It's probably inevitable that any presidential campaign, experienced day after day, would begin to seem monotonous. But, as Edwards barnstormed across South Carolina this past week in an all-or-nothing bid to win that state's primary, his campaign, far from resembling a no-holds-barred crusade, felt more like a highly regimented slog.Each day, Edwards would do at least three events—logging more than 650 miles on his campaign bus as he traveled all over the state—and each event would be virtually identical.

Edwards would enter the social hall or restaurant or gymnasium to the strains of John Mellencamp's "Small Town," and, after making his way through an aisle of sign-toting supporters—whose locations had been carefully choreographed by his campaign's advance staff—the candidate would thrust his hands into the air, giving a double thumbs-up, and flash a broad smile. Then Edwards, his voice becoming progressively more hoarse as he fought a losing battle with bronchitis, would deliver a five- to ten-minute version of his rightfully celebrated stump speech. He'd tell the audience about the "two Americas"—"one America for all those families who have everything they want ... and then one for everybody else"—and explain to them that "you and I together are going to build one America that works for everybody." He'd mention his own humble origins—"My father worked in a mill all his life"—and declare that layoffs and plant closings "are not some academic issue for me." Then, toward the end of his speech, he would pledge, "If you give me a shot at George Bush, I'm gonna give you the White House!" With that, another Mellencamp song would blast over the P.A. system and Edwards would leave the rally, disappearing onto his bus and heading to the next event.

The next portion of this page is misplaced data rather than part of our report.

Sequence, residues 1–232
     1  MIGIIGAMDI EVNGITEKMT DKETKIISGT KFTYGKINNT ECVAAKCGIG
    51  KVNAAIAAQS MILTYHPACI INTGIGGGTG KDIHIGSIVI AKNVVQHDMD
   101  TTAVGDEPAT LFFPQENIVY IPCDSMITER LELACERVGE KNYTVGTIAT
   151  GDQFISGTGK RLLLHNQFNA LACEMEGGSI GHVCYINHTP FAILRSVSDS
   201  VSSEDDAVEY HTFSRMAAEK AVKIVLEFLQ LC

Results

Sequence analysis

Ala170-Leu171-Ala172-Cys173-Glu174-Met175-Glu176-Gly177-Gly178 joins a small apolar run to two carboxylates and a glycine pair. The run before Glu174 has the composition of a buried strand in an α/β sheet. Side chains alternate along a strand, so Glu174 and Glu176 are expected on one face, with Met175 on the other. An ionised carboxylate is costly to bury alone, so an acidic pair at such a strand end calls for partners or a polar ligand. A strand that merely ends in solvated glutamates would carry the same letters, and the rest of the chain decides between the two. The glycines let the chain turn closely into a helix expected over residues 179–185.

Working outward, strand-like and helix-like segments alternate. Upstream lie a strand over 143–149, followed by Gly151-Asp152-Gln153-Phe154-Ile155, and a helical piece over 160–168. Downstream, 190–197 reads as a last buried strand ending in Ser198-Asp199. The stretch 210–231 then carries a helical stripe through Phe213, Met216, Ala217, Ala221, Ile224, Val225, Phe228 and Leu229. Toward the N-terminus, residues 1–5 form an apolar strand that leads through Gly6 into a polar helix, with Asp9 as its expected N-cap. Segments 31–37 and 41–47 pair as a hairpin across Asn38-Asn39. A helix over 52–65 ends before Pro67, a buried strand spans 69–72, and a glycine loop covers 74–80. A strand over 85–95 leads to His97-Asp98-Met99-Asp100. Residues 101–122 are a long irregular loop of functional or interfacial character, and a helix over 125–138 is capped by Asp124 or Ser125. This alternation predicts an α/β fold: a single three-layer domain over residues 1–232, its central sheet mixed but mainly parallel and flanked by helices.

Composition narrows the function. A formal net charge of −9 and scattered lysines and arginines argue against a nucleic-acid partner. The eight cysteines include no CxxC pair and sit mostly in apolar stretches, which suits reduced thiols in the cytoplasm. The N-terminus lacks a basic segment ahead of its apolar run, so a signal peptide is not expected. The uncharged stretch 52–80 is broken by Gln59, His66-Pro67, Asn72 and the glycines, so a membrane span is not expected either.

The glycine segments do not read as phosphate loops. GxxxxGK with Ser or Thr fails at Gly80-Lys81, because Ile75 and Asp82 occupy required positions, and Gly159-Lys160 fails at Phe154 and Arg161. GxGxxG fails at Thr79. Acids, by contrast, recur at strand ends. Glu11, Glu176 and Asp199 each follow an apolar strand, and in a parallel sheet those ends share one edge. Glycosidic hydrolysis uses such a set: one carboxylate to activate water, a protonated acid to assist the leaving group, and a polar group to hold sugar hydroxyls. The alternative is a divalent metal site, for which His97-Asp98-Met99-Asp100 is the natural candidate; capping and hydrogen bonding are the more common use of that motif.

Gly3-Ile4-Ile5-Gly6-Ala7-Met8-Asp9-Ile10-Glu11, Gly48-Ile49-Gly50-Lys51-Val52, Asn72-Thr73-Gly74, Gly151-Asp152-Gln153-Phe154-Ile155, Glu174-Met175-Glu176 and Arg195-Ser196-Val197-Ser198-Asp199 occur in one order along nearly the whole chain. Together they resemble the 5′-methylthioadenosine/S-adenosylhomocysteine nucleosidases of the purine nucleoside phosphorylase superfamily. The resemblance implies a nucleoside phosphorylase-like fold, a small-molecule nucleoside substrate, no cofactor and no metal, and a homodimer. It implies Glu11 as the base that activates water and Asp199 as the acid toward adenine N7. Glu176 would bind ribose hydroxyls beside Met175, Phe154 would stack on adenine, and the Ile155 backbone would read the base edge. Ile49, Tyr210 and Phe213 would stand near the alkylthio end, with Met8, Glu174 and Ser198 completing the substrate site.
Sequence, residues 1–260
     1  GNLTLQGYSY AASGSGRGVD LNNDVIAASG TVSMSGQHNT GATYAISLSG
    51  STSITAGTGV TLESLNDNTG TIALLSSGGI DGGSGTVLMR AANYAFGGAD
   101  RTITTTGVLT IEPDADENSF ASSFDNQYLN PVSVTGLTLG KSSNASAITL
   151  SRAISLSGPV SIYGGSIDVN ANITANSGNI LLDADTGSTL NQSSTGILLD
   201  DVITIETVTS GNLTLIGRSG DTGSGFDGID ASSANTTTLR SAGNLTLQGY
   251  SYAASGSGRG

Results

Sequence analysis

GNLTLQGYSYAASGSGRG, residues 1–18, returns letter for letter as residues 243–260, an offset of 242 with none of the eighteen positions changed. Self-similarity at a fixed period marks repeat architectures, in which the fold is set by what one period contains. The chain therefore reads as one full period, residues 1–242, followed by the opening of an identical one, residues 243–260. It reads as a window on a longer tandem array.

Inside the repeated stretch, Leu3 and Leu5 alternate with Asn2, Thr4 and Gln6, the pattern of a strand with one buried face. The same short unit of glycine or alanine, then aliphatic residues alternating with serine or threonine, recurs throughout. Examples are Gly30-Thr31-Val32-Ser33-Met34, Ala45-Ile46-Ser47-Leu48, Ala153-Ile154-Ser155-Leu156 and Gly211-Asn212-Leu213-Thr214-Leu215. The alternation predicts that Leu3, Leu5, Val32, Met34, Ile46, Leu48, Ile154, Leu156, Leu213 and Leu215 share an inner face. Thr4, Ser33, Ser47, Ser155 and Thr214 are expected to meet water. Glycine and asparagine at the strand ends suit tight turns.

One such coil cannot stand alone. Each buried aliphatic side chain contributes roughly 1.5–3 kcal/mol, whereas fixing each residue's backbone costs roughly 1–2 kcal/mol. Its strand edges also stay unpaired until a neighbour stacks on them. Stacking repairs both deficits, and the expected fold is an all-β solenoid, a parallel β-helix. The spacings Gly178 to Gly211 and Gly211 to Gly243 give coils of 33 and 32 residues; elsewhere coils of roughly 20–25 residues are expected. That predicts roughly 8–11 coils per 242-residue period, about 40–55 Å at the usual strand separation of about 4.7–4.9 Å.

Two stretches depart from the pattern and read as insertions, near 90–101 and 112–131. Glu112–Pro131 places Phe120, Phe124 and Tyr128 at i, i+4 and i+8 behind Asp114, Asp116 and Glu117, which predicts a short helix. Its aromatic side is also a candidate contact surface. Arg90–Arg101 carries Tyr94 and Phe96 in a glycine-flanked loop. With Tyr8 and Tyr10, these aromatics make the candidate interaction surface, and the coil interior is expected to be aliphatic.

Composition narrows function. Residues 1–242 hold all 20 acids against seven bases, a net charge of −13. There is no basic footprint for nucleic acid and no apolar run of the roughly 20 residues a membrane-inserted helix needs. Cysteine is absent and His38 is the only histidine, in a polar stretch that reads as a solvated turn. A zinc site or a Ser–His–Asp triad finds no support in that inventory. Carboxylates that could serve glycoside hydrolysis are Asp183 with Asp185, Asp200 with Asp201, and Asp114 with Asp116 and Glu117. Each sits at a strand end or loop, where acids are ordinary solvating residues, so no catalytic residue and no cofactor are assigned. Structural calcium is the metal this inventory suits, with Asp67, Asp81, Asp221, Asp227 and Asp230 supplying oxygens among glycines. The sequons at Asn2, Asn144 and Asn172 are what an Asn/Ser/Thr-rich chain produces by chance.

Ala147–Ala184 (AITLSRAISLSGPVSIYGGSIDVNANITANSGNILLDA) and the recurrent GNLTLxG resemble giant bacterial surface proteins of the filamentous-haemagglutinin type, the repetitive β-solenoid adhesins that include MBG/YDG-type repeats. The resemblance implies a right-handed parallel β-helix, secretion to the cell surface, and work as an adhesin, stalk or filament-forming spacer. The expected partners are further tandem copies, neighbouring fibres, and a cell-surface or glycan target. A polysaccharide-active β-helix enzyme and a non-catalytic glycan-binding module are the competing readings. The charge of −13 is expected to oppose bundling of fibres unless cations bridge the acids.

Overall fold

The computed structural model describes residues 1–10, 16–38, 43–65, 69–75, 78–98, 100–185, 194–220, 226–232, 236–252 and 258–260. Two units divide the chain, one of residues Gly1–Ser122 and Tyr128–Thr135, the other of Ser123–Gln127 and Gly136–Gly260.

The crowds weren't that big—ranging from a few dozen at a restaurant in the small city of Florence to several hundred at a gym in Seneca, the mill town where Edwards was born—or even that boisterous; but they clapped and cheered at all the appropriate times, and many of them told the huge traveling pack of reporters afterward that they planned to vote for Edwards, if not necessarily for the reasons the candidate had just stressed. "It doesn't make a lot of difference to me that he's from the South," a retired steelworker named Sam Wragg said after a rally in Georgetown, at which Edwards had emphasized his Southern roots. "But hopefully it'll help him do well with other people here."